9. We love the new house. Love the view. There is one part of my commute that is really dangerous. You would think a short 30 mph section with a 20 mph at the top might have people slow down. Nope. It is narrow, has zero shoulder and there is a ditch runoff. There is yet another go around that I can add to my commute. It totally avoids the bad section, but it can only be used during certain parts of the year. Right now, it is too snowy. Then, it will be too muddy for a while. It isn't like I am afraid of mud, but this mud cakes. I would get stuck and stop in about ten feet. Everyone here knows that I cherish trail and do not ride ultra-muddy trail. This isn't pristine single track. Just a dirt road with no gravel. There is light shralp on it, but kinda fun. Nothing major. Every day I utilize these crazy go around over hill and dale to avoid downtown. This is yet another one of those. When the road is ridable it will turn my commute into a much harder ride. I think it will add about 500 more feet to my 700 foot ride. Yesterday, I was buzzed by two vehicles. One was a truck and the second was a hells angel troop. The Angel chose to get close to me, even though they had an ENTIRE lane. I have tried to take the advice from here and put my wheels in the right tire track. That is even more dangerous they buzz me even closer. If I am there and hear cars, I move back over to the white line. The lane going down the road in the am is fine. No cars that time of the day, and I can get down it easily with hardly any issues. The lane going up is very narrow. The road is a double yellow divider. Many cars do not move over or slow quite often. I have even been buzzed by a school bus. Trail Boss and I talked, and the resolution was to put my bike on the bus rack and take the bus up that one section. I will get home later, which means harder cooking crunch for dinner. I am kind of crushed. This resolution is so I don't get crushed. Maybe some will think I am spineless, so be it. This is such a short section, but it is my daily dread, and not due to the incline. People are terrible! Most are nice, but the two yesterday made me re-think this one section. I want to live. More bus tokens in my Constanza wallet.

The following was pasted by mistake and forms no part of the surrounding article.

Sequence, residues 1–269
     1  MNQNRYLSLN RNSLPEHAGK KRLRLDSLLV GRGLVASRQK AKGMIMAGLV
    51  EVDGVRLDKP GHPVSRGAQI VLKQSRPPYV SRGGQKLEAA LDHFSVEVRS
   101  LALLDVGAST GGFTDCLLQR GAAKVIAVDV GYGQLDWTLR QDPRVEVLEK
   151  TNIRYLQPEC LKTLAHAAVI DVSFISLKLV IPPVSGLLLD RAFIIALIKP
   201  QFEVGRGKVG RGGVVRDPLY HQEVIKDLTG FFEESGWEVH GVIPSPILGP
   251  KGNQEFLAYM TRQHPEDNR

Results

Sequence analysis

10. Hmm - bring back the 5 game max? Seems reasonable to me, but so much more as well. It Might Be Time to Retire 'Jeopardy' The end of a cultural icon? By Tom Nichols Think pieces about Jeopardy have to begin with a cute opener that echoes the way the revered game show phrases its clues. Here’s mine. Answer: It’s a cranky rant about television and popular culture. Question: What the hell is Tom going on about now? It is also a requirement for former top players—I was in the 1994 Tournament of Champions and the 2005 Ultimate Tournament of Champions, and was once listed in the Jeopardy Hall of Fame—to affirm that we love the show. Some of us have loved it since childhood. On sick days from school, my mother would come home from her lunch hour and play along with me back when Art Fleming was the daytime host. Consider this my assurance that the show has had a place in my heart for over a half century. But Jeopardy has lost the spirit that made it an American institution. I am not the first to notice that the show, like other formerly amateur pursuits in America, has become professionalized and mostly closed to the casual player. It is no longer a show that celebrates the smarts of the average citizen; it is now a showcase for people who prep and practice, who enter the studio determined not to shine for a day or even a week but to beat the game itself. This, combined with the abolition back in 2003 of the long-standing rule that you must retire after five wins, has created long streaks where a few players over time crush the daylights out of the sacrificial lambs who have no real chance of beating the reigning champ without either a dash of luck or an unforced error. Before I explain why I think this is bad, let me tell you how the game works, so that you can get a better idea of why these long streaks are possible and why they violate the spirit of the game, and then I’ll suggest why the audience shouldn’t necessarily be cheering them on. First, get it out of your head that Jeopardy players are freaky geniuses, or that the big winners are somehow more brilliant than the losers. (There is, apparently, a pandemic-related problem with contestant quality control lately, but I’ll come back to that.) In my experience, both as a player and a viewer, most contestants are excellent. That’s because the show uses a combination of a very tough written test to measure your smarts and an in-person simulation to make sure that you’re not, in game-show parlance, a “Bambi” who will stare like a deer in the road once the studio lights go on. Yes, there are some prodigies; I personally was a fan of Matt Amodio, whose breadth of knowledge was amazing. Mostly, however, Jeopardy players have one unique ability in common: We have brains like lint rollers. We hear a factoid, and for some reason we remember it. Here’s an example from one of my games. The clue was from the category “Anthropology” and it was something about the Leakey family discovering “this human ancestor whose name means ‘handy man.’” I don’t really know anything about anthropology, but I know I learned in a sixth-grade social-studies class the little factoid that “handy man” is Homo habilis. You probably did too. The difference between me and you is that I remembered it and I was able to recall it faster in a TV studio than you can. And while good Jeopardy players don’t have to be brilliant, they do have to get the hang of parsing the game’s weird riddles. The writers lard up the clues with irrelevant facts, but usually the answer is staring you in the face. I still chuckle when the game throws out something like “Large pyramidal objects in this modern Egyptian capital city were meant as burial chambers for emperors of the many dynasties that included rulers such as Neferneferuaten.” The difference between decent Jeopardy players and everyone else is that the players know, after straining out all that extraneous information, that all they’re really being asked is: “What’s the capital of Egypt? Duh.” This leads to an even more important point. If knowledge isn’t the edge, what makes the difference? The thing that makes champions so hard to beat is not brainpower; it’s the buzzer. Mastering that little clicker is everything. You can’t see it at home, but the board has lights that go on just off-screen that let you know when the host is done speaking. (This is why you never hear anyone ring in over the host: You can’t.) When the light goes on, your buzzer goes hot, and each player tries to buzz in a millisecond before the other guys. Buzzing in early will lock you out for a split second; two of you buzzing in at the same time locks out both of you. Usually, all three of you know the answer, and it’s just a matter of getting there first. (“Triple stumpers,” where all three players stand there dumbfounded until the timer beeps, are pretty rare.) Why does this matter? Because the more times you use the buzzer, the better you get at it. It really is a learned reflex. It takes a little getting used to, and then you develop a rhythm. And as my friend Jonathan Last pointed out to me recently, veteran players who master this ability have a greater chance of finding the Daily Doubles (where contestants can make big wagers beyond the value of the clue) because they can control the board for longer stretches. The Daily Double used to be a shot at changing the game’s momentum, sometimes with a dramatic bet. (I won some and lost some.) Now it's mostly a way for the returning champs to invest in padding out a lead. Another factor here is that the more times you win, the more comfortable you are in the studio. To play the game well, you have to get over the shock of realizing: Holy cats, I’m in the Jeopardy studio and that really is Alex freakin’ Trebek standing right there addressing me by name and wishing me luck. Believe me, getting past that distraction is worth a lot of money. Watch the veterans play after they’ve won a few games. They have cracked the code, which, as paradoxical as it seems, includes completely ignoring the host. The losers—again, you can watch this happen—are very focused on looking at the host, but the winners are looking at the board. They’re reading ahead, forming an answer, and waiting for the light to go on. In my best moments on the show, it was me and the board, that little light, the buzzer, and nothing else. If you’ve done all this even two or three times, new players are at an instant disadvantage. No one wants to play against a returning champ. The day I played—I did five straight games in one day—there was wonderful camaraderie among us all in that sequestered contestant room, but there was just a little hesitance to sit with me at lunch after I’d turfed a bunch of other players. During the intro to one of the games, Alex said he’d overheard one of the other players saying “Someone’s gotta get this guy”—hey, thanks, Alex!—but that’s kind of normal, since I’d won a few already. Now imagine going up against someone who’s won a half-dozen games. Or a dozen. Or 15 or 20. It’s inherently unfair. What makes it worse is that players like James Holzhauer basically turned the game into a full-time job before they even got there. As I said at the time, it was about as interesting as going to the Sportsbook room at Caesars Palace and watching guys handicap the ponies or figuring out the spread in a college-basketball game. Don’t get me wrong—Holzhauer’s damn smart. But when he finally lost, it was to someone who had literally written a graduate thesis about Jeopardy. That’s a bit more commitment than you’ll find in the average player. The charm of the game, the thing that made it beloved to so many people, was that you weren’t watching a brute-force match between a Vegas odds guy and a Jeopardy scholar; you were watching a New York City cop and a librarian from Tucson, Arizona, and a homemaker from Dubuque, Iowa, battling it out with little more than a high-school education and some quick recall. Worse yet, this has actually improved ratings, which says something bad about us, the viewers. Americans no longer care about the triumph of the everyman or everywoman. They want to see someone bust the board. They want a Trivial Pursuit version of Conan the Barbarian who will crush their enemies, see them driven before them, and hear the lamentations of their women. They want winners. To their credit, most of the long-streak players seem like lovely people. (Okay, Holzhauer was kind of smirky, and let’s not talk about Arthur Chu, but most of them.) That’s not the point. Jeopardy was originally a kind of celebration of the smarts of the average American, not a colosseum where the crowds could cheer the slaughter of new players who had no real shot against champs who had mastered the game mechanics through sheer repetition. So maybe it’s time to retire the game—especially as they’re having trouble finding hosts who aren’t annoying. (Chu recently wrote about how the hosts, and not the contestants, have become the focus of the show, and he’s right.) At the least, the show needs a post-Trebek retooling. Bring back the five-game rule. And tighten up on contestant selection. Apparently, the pandemic eliminated some of the in-person screening, and it shows. I’ve seen a few games recently in which some of the contestants simply had no chance even on a more level playing field. I want everyone on Jeopardy to have a good run, not just wave to Mom and Dad and then get creamed. Jeopardy used to be a spirited, and limited, competition among ordinary Americans. Now we watch because we want to see James or Matt or Amy squash a passel of newbies every week, hapless victims for whom victory is mathematically out of reach within 20 minutes. This doesn’t reflect well on our culture. Bring in more people and make it about watching your friends and neighbors again.